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North Korea displays luxury Swiss watches at department store

By Elizabeth Shim
North Korea appeared to be defying international sanctions with the opening of a newly renovated department store in Pyongyang. Photo by KCNA
North Korea appeared to be defying international sanctions with the opening of a newly renovated department store in Pyongyang. Photo by KCNA

April 15 (UPI) -- North Korea may have opened a newly renovated department store catering to its elite,  and it appears to be stocked with luxury goods that could be under international sanctions.

State media published photos of Pyongyang's newly improved Daesong Department Store on Monday, the same day the regime observed the 107th birthday of North Korean founder Kim Il Sung.

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The country previously commemorated the day with military parades, but on Monday the regime marked the day quietly with a Kim Jong Un visit to the Kumsusan Palace of the Sun.

KCNA reported the department store in the capital city had completed remodeling and opened on Monday.

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Photos from the state-controlled news agency shows expensive brands of jewelry and watches on display, including timepieces from Rolex.

Images of the household appliances section of the store indicate North Korea is selling Philips steam-generator irons and electronic rice cookers from Tiger Corp., a Japanese company. Washing machines and blenders are also on display.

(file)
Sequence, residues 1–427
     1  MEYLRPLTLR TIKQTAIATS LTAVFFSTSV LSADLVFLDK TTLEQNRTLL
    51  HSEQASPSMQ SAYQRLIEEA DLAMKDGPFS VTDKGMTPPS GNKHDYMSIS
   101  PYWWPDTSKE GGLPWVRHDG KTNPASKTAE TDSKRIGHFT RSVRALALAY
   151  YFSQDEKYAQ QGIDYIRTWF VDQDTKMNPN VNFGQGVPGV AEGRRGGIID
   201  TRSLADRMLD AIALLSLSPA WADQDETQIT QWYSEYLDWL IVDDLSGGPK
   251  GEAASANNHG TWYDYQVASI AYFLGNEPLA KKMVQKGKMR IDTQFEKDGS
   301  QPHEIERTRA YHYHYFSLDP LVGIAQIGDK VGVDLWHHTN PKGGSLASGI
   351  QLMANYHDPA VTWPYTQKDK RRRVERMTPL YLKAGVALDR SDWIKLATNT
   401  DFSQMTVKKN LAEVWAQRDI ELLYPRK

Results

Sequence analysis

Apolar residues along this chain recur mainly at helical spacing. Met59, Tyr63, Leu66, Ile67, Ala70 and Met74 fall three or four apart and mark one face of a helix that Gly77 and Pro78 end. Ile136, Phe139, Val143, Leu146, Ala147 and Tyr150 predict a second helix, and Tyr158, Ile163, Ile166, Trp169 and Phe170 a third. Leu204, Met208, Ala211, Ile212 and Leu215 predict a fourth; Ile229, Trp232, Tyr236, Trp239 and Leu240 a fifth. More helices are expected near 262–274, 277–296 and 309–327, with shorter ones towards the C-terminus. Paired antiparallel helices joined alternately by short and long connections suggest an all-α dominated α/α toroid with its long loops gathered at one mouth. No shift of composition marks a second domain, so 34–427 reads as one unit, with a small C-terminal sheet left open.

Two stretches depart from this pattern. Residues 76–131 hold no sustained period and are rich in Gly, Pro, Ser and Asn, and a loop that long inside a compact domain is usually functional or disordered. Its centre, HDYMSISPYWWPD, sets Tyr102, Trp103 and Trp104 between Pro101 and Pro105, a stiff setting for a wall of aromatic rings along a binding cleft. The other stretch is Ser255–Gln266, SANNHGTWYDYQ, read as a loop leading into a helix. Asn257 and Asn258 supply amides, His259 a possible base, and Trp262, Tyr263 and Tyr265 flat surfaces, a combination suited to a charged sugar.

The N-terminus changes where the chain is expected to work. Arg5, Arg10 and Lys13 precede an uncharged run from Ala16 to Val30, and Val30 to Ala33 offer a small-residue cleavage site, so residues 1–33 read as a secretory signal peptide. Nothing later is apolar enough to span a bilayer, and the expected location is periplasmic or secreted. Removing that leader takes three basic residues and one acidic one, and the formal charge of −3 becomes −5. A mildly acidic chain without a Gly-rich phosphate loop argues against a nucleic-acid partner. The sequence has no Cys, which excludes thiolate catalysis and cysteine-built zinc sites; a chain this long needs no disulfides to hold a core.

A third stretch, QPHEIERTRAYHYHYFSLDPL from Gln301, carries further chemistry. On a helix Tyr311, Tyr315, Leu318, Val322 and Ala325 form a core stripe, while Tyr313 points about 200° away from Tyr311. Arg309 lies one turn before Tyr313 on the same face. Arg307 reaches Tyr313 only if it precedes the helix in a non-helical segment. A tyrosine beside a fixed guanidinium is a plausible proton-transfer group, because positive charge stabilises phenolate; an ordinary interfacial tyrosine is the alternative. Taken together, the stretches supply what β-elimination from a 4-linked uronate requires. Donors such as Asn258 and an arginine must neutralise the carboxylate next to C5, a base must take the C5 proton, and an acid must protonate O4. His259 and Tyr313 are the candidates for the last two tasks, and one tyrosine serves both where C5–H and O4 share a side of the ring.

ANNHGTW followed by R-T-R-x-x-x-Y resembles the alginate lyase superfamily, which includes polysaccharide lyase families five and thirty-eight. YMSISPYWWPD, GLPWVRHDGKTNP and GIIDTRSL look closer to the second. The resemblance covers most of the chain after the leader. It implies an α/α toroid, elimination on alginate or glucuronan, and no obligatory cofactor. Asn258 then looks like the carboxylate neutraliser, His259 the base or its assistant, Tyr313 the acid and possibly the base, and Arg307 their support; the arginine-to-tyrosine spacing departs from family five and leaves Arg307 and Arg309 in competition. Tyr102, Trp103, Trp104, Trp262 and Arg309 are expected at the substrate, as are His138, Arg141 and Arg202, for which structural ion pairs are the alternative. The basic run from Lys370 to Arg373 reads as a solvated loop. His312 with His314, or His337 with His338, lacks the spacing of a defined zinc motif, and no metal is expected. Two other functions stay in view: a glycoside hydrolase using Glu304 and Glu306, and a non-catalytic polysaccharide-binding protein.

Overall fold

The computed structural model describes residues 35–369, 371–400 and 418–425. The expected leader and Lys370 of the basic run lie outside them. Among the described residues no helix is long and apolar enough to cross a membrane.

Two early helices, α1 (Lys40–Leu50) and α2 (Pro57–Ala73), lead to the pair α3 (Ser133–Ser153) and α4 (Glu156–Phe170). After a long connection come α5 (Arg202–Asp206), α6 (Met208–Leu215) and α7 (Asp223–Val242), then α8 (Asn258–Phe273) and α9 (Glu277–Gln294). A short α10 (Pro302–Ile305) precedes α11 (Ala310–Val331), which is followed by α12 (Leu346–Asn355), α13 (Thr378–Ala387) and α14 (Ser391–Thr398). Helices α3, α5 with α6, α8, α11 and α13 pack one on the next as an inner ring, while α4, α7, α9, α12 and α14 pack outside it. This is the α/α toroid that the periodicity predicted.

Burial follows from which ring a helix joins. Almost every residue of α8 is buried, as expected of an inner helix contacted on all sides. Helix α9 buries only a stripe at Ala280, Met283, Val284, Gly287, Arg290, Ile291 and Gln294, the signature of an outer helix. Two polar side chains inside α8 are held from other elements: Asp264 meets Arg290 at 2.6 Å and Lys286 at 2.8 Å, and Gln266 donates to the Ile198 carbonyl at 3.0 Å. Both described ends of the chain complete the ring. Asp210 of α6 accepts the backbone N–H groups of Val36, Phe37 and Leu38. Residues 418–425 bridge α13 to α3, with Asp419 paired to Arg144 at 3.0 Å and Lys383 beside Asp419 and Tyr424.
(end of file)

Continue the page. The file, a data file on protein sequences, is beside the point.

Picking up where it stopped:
Daesong Department Store mainly serves the country's elite, as well as foreigners. The store usually accepts foreign currency payments and may have begun accepting local money, according to South Korean paper Kukmin Ilbo.

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The images of the store come a week after Workers' Party paper Rodong Sinmun reported Kim visited the store for a "final inspection."

"As a result of a well-maintained modern department store, the capital city's citizens are able to further secure quality foodstuffs, clothes, shoes, housewares, daily necessities and school supplies," Kim reportedly said during the visit.

A source knowledgeable on North Korea told Kukmin Ilbo the luxury goods are likely brought into the country through diplomatic channels and procured by North Korean embassies abroad. Trade with China and Russia also facilitates the import of the products, the source said, adding sanctions may disrupt supply channels for the North.

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Cho Han-bum, a senior research fellow at the Korea Institute for National Unification in Seoul, said the promotion of the store is a display of resistance against sanctions, and ties in with Kim's policies on developing the economy.

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